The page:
A biologist the University of York has been recognised for his research into the impacts of human activities on wild animal species.
Professor Chris Thomas has been elected a Felloe of the Royal Society, one of the world’s top scientific honours. He is one of 44 new Fellows announced by the Royal Society today.
The honour is recognised all over the world and is one of the most prestigious awards in Science. This comes just five days after York University were recognised for its support of women in science.
Candidate of the Fellowship of the Royal Society must be proposed by at least two existing Fellows and are assessed by Sectional Committees in each field of science.
He said: “I’m thrilled to have been elected to the Fellowship of the Royal Society. I have been very lucky to have such excellent colleagues and students over the past 30 years, and I see this as recognition for their contributions as much as for myself.”
Professor Thomas has been studying how species respond to the loss and fragmentation of natural habitats and he is a world leader in research on the ecological impacts of climate change.
He and his team have shown that the worlds wildlife are moving rapidly towards the poles and to higher altitudes, in response to global warming. Whilst conducting the research he discovered that climate change is going to endanger many species.
The Head of Biology at York, Professor Debbie Smith, said: “This is a hugely deserved honor for Chris Thomas. His work is in the vanguard of global research into the ecological consequences of climate change and highlights York’s commitment to studying the impact of human activities on biological systems.”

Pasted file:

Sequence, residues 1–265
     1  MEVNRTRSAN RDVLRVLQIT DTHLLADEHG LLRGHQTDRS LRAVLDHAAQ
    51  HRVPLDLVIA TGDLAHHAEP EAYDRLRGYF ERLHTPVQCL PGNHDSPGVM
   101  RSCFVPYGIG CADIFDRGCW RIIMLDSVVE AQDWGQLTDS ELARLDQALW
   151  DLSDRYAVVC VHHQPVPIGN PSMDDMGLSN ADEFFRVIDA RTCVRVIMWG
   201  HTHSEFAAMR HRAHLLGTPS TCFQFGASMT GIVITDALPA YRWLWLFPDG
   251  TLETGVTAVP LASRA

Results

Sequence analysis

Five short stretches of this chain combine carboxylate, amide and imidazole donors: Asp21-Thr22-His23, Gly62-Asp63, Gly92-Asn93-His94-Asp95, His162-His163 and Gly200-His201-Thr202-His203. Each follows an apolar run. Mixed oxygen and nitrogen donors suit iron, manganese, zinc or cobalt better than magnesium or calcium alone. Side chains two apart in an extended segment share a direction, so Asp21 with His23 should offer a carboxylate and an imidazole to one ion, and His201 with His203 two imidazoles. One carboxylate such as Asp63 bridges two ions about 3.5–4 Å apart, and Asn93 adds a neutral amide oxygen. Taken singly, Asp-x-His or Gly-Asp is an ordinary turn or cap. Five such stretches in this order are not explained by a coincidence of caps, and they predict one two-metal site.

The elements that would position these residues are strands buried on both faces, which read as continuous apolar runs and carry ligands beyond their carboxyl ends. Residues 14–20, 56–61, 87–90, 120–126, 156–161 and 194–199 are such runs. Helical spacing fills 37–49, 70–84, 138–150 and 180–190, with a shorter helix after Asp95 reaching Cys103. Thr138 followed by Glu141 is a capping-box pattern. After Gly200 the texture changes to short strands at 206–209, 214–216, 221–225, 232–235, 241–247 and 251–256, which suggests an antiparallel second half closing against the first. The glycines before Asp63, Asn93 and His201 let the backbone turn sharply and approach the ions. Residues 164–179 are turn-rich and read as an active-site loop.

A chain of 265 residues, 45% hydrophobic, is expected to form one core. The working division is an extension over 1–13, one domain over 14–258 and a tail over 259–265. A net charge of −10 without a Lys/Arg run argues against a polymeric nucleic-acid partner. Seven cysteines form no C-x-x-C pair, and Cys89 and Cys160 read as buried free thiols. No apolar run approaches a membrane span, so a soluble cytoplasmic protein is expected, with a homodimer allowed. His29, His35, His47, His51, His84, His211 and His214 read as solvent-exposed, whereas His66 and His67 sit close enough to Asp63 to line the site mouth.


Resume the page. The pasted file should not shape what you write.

As well as the study Chris Thomas has published over 200 scientific journal articles; his work is one of the most highly cited by any ecologist in the world. He has received four scientific awards and medals for his research as well as being on he editorial boards of nine international scientific journals, Thomas has certainly been busy since becoming a professor in 1999. His work has been reported in thousands of media articles around the world and he has contributed to conservation and climate change policy assessments and reviews nationally and internationally.
He was an undergraduate at Cambridge and gained his PhD at the University of Texas, before working as a researcher in New Zealand and at the Imperial College. He joined York University in 2004 but had previously worked at University of Birmingham as a Lecturer in 1992 and the University of Leeds in 1995; he became a professor in 1999.
In what little spare time Chris has left he likes to spend as much time as possible encouraging wildlife in his garden and field.